Back when CD-ROM drives first became popular desktop PC components items, a story — perhaps apocryphal — surfaced of a user who called customer service with a complaint: “My cup holder broke,” the user allegedly said of the CD-ROM tray that snapped under the weight of a 7-Eleven Big Gulp.
Today’s user calls may not be as humorous, but it’s tempting to wish some common and even not-so-common tech problems away. Why can’t users handle this or that on their own, a frustrated IT manager might ask. Why, indeed?
Although exact numbers on help desk spending aren’t tracked agency by agency, it’s clear that a percentage of tech support money — and manpower — can be better spent. The Help Desk Institute’s annual survey showed that 69 percent of government respondents reported incidents increasing in 2005. And, though 44 percent of those help desks offer self-help tools, the do-it-yourself help is generally underutilized (see below).
The good news is that today’s computer users, by and large, are more computer literate and sophisticated than those of 20 years ago, when “What’s the ‘any’ key?” was not an uncommon help question, triggered by a “Press any key…” screen message. Users now can solve many problems on their own and are more likely to avoid some problems because of their basic understanding of how their PCs work.
52.9% Percentage of time the support staff spends on the phone during a typical shift
$27.60 Mean cost to resolve an incident that first comes in via phone, of which 62.1 percent do
$13.50 Mean cost to resolve an incident through self-service
The better news is that many of today’s PCs and operating systems are better at self-healing, too. Microsoft Windows XP can fix many of its own problems, and, when connected to the Internet, the OS regularly polls Microsoft servers for software updates.
Those two factors alone make it easier for systems to stay healthy, and for users to easily recover from problems. According to Jonathan Epstein, the former systems director for the House of Representatives’ Committee on Homeland Security, more often than not, just rebooting a system will cure what’s ailing it.
Here are six do-it-yourself rules that every user can follow to be more self-reliant:
ONE: Start with a backup image. Having a disk image on hand can make it easier to recover from a serious problem without calling tech support. Programs such as Symantec Ghost offer a way to create a backup disk that can restore a system in as little as half an hour.
TWO: Reboot when necessary. A good reboot will solve many of the most basic glitches and hang-ups. “I just tell users to reboot — that solves about 99 percent of problems,” Epstein says.
THREE: Let the (operating) system help. Self-healing features in Microsoft Windows, for example, can help users solve problems without a service call. Vista, the next Windows version — set for release later this year for enterprise users — promises even more built-in utilities.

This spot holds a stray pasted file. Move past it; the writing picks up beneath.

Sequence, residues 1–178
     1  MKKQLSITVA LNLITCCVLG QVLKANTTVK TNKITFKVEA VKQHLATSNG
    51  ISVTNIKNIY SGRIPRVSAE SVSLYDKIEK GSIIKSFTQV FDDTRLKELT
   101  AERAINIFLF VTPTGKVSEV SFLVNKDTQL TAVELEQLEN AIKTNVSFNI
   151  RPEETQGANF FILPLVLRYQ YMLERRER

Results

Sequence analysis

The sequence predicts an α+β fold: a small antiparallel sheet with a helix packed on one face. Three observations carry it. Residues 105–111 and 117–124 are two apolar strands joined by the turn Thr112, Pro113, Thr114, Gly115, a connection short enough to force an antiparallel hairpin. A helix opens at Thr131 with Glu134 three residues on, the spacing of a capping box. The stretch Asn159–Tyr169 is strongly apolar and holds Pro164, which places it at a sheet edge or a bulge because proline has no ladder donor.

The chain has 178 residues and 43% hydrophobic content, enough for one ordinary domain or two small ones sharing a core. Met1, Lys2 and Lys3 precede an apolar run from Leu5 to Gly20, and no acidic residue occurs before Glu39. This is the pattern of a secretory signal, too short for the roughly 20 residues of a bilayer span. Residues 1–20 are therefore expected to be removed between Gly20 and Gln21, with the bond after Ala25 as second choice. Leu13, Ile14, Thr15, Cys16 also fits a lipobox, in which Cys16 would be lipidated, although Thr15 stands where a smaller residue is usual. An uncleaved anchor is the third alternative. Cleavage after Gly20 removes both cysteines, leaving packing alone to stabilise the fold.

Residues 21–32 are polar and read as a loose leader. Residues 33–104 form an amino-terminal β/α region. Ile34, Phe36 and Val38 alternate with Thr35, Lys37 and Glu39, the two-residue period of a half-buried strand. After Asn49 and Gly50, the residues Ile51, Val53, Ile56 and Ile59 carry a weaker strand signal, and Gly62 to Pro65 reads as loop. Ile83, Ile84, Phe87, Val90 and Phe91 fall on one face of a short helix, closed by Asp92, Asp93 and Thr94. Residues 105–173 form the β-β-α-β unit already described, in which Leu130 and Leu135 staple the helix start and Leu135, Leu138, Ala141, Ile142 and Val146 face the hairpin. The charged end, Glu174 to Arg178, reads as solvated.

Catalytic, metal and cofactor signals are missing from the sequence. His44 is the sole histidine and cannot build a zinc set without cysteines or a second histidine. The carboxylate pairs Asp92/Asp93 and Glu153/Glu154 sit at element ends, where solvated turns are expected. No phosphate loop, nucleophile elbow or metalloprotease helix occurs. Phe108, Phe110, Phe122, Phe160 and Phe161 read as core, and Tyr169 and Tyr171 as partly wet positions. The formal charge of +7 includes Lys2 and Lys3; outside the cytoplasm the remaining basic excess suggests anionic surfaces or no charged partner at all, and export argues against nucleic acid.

FOUR: Make macros work for you. Macros and other small programs can automate tasks. The help desk staff can create the macros and then provide the keystrokes to users to try to solve problems before a staff member makes a desk call. It’s also important for users to regularly clear out their Web browsers’ cache files and to carefully examine menus on Microsoft Office applications to see whether they are creating conflicts.
FIVE: Create utility players. Users can take advantage of utility programs, such as Symantec Ghost Solution Suite, which can often resolve a host of nit-picky problems — things such as sluggish operation because of application bloat or inactive files. Regular use of utility software can keep computers fighting trim.
SIX: Know when to call in reinforcements. A user won’t be able to fix every problem. Serious disk failures or other hardware woes will require a specialist’s touch. The help desk needs to teach users to know when they can’t do something and when to call for help.
Epstein, whose team in the House supports more than 50 users on the majority side of the panel, says he makes liberal use of macros and other small programs to overcome difficulties: “It depends on the problem, but if there’s something that automates that process, I use it.”
One of the great advances in recent years is archiving and disk-imaging software, such as Symantec Ghost, that allows backups while users are working with their systems.
“We can pull the data off the computer — even from another computer — and make a perfect image of it. If the drive crashes, [we just] put it back on. To put it into a single file, just click on the file and it will mount your old system as another drive and [you can] just browse on through it,” Epstein says.
While that move doesn’t count as a do-it-yourself fix, it dovetails with one feature of Ghost: the ability to create a bootable image of a system, which users can keep and use to restore at their desk, without bringing in an IT person.
According to Jody Gibney, a product manager for Symantec of Cupertino, Calif., arming users with Norton’s utility suite can enable them to catch some problems almost before they start.
Gibney cites the program’s “One Button Checkup” feature, which he says lets users “maintain the performance of their systems and correct errors before they become more serious problems that would require the assistance of IT staff. One Button Checkup scans and removes Internet clutter — such as cookies, temporary Internet files and ActiveX controls — that can slow PC performance — as well as checks and corrects shortcut and registry problems.”
But, Gibney says, there are times when a user needs to step back: “I would not recommend that average users try to fix serious computer problems — for example, hard drive errors or complicated device driver problems.”
For those problems, he says, call the help desk.